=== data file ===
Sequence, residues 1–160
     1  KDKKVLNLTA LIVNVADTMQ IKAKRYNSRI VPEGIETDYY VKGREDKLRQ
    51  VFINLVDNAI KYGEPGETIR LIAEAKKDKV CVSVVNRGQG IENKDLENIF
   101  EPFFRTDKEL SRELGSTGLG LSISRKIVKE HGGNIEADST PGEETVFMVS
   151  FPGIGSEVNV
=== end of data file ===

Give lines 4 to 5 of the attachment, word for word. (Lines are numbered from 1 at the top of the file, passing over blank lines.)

   101  EPFFRTDKEL SRELGSTGLG LSISRKIVKE HGGNIEADST PGEETVFMVS
   151  FPGIGSEVNV